The rates at which domains fold and codons are translated are important factors in determining whether a nascent protein will co-translationally fold and function or misfold and malfunction. Here we develop a chemical kinetic model that calculates a protein domain's co-translational folding curve during synthesis using only the domain's bulk folding and unfolding rates and codon translation rates. We show that this model accurately predicts the course of co-translational folding measured in vivo for four different protein molecules. We then make predictions for a number of different proteins in yeast and find that synonymous codon substitutions, which change translation-elongation rates, can switch some protein domains from folding post-translationally to folding co-translationally - a result consistent with previous experimental studies. Our approach explains essential features of co-translational folding curves and predicts how varying the translation rate at different codon positions along a transcript's coding sequence affects this self-assembly process.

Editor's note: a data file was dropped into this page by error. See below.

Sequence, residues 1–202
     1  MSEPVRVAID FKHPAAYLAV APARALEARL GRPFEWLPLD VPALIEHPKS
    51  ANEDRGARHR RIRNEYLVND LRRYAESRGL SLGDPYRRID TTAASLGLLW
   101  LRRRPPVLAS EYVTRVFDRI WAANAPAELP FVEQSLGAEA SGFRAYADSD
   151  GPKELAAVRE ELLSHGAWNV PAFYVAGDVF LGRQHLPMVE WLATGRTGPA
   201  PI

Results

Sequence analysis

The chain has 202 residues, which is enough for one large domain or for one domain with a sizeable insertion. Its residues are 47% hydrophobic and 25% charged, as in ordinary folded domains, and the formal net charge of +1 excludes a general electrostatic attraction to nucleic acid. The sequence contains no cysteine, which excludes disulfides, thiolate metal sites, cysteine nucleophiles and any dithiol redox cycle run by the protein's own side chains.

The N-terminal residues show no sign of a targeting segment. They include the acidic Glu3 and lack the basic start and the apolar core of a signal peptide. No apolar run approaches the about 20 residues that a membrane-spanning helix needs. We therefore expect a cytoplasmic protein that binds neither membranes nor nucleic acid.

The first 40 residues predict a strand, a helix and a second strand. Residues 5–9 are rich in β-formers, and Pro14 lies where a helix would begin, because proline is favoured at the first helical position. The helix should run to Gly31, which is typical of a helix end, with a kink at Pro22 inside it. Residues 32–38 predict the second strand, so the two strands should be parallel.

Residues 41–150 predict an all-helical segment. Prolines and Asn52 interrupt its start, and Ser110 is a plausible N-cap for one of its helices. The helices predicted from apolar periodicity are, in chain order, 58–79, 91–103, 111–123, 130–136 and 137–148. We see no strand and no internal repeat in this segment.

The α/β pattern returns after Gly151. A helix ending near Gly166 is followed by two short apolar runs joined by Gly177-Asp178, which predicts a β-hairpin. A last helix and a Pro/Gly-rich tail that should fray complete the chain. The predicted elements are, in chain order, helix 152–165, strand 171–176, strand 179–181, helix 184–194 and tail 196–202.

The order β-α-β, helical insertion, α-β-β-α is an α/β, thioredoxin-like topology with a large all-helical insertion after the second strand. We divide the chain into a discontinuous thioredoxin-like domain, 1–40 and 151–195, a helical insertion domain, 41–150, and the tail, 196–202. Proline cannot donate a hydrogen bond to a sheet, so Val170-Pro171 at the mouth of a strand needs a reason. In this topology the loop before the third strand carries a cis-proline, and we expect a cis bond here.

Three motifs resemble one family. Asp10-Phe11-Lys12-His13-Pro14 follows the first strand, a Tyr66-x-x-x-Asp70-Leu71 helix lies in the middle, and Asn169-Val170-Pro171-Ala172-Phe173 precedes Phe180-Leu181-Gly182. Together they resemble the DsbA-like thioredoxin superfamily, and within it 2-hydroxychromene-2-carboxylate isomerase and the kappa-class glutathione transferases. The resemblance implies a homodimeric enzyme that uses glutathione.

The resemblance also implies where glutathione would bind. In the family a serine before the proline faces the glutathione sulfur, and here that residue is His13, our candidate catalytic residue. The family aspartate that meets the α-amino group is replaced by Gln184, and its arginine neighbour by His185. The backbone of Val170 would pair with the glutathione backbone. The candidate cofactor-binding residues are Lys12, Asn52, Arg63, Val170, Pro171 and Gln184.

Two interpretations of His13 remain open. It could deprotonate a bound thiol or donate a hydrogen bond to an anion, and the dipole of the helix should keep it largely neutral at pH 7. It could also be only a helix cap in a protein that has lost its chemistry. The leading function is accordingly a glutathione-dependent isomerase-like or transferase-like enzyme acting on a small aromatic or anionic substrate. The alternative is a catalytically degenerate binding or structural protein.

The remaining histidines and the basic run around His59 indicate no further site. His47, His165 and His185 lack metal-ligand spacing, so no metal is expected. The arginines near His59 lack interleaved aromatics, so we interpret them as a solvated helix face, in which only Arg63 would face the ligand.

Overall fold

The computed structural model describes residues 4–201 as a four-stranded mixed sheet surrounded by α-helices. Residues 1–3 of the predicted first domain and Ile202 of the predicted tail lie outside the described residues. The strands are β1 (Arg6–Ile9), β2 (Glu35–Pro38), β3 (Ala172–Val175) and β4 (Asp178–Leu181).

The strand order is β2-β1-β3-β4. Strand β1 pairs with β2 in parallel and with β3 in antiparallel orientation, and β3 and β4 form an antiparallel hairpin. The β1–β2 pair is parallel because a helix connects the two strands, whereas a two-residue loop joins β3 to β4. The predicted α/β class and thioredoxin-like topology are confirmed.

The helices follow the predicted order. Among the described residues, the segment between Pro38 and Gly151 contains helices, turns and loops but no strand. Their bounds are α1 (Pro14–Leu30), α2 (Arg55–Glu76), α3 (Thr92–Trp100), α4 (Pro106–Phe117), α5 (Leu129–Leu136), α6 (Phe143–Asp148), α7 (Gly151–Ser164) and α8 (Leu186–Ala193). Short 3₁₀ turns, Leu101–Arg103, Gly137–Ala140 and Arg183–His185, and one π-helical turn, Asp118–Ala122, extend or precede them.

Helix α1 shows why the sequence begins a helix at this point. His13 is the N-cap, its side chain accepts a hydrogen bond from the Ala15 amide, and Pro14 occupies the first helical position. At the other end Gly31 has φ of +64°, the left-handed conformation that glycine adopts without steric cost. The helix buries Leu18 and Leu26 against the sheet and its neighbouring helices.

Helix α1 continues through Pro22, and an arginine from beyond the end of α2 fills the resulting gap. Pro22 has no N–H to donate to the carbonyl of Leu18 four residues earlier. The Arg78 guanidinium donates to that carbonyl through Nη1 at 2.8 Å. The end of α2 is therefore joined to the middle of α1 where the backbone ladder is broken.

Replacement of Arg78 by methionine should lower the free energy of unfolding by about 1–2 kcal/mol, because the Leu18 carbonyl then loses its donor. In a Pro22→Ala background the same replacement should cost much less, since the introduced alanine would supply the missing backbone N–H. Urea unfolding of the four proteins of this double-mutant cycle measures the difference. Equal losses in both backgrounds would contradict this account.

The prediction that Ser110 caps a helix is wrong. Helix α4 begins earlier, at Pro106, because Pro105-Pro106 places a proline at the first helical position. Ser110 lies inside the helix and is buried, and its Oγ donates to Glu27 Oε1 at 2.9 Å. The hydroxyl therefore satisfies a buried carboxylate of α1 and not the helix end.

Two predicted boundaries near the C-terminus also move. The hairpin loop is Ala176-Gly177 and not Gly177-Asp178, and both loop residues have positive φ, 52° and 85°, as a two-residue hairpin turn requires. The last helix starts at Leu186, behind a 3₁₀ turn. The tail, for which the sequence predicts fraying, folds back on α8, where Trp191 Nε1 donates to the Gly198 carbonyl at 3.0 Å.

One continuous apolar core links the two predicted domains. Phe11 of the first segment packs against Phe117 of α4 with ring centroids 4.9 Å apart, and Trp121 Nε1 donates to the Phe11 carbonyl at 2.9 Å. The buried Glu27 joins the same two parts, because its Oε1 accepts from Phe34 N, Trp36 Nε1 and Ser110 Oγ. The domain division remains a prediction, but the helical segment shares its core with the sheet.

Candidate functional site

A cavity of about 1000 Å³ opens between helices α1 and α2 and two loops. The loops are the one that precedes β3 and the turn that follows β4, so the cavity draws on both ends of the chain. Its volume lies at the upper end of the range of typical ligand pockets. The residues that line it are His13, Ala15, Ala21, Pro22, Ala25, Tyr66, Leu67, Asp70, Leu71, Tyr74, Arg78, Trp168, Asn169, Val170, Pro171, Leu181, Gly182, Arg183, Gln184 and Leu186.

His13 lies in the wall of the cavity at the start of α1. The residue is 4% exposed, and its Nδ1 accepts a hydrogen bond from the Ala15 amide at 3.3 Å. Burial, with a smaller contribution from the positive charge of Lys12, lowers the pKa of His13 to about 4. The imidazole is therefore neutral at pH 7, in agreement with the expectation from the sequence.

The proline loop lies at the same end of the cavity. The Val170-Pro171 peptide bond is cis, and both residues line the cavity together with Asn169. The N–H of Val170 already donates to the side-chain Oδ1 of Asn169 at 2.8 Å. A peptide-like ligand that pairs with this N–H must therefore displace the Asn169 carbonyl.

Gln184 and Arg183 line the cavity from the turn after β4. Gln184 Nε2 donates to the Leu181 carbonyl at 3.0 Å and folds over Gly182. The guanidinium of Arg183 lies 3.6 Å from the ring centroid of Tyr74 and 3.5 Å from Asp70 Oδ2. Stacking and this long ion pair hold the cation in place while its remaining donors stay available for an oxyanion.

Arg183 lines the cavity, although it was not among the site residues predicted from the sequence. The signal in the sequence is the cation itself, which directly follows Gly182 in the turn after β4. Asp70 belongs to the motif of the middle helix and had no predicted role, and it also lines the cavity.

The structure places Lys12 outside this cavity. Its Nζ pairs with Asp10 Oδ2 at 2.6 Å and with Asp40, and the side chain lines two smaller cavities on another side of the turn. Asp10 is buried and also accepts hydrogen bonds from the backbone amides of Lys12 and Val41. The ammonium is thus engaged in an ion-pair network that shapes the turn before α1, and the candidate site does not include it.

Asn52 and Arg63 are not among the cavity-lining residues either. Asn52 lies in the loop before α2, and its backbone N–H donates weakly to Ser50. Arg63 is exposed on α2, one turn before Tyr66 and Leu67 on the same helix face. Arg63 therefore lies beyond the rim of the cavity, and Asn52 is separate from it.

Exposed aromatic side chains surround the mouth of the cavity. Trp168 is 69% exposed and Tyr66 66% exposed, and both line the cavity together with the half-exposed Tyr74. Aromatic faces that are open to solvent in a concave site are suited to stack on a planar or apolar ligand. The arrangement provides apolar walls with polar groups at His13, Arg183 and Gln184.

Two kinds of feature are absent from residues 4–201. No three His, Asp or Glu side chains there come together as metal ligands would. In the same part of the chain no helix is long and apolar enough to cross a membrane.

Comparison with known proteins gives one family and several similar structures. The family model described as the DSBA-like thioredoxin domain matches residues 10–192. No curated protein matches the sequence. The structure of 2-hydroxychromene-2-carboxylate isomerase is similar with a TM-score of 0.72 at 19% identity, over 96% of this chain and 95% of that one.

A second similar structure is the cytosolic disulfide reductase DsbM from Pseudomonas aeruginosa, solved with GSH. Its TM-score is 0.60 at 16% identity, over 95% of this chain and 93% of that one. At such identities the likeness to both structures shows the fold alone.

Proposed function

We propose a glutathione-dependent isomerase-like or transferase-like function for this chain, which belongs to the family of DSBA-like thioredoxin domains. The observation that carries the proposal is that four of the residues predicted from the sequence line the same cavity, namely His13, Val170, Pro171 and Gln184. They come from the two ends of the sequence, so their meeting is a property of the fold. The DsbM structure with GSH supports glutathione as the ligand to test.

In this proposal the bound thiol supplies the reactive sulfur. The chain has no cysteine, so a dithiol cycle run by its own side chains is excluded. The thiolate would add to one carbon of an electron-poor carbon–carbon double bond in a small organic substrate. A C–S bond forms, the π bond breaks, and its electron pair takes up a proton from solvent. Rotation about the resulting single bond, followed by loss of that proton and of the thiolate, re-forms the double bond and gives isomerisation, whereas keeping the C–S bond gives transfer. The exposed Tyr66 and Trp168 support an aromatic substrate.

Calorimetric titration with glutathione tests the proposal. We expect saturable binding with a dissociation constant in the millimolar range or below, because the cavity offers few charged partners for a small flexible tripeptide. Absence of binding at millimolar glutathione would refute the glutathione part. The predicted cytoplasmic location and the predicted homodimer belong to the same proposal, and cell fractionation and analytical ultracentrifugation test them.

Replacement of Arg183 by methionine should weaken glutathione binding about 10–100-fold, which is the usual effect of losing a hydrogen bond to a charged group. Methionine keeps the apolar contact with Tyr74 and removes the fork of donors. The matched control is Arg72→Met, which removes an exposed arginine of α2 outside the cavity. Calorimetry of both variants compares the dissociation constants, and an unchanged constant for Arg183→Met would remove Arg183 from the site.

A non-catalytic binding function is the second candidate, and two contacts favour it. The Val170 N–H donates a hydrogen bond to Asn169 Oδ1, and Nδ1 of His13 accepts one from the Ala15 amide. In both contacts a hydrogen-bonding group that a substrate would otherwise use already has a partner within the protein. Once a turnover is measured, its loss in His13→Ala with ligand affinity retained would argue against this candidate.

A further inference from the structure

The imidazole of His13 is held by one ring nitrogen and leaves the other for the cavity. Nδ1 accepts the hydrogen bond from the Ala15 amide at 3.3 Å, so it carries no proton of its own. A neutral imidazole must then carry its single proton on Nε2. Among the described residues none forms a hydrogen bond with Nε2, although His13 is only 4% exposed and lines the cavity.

All Science Journal Classification (ASJC) codes
- Biochemistry, Genetics and Molecular Biology(all)
- Physics and Astronomy(all)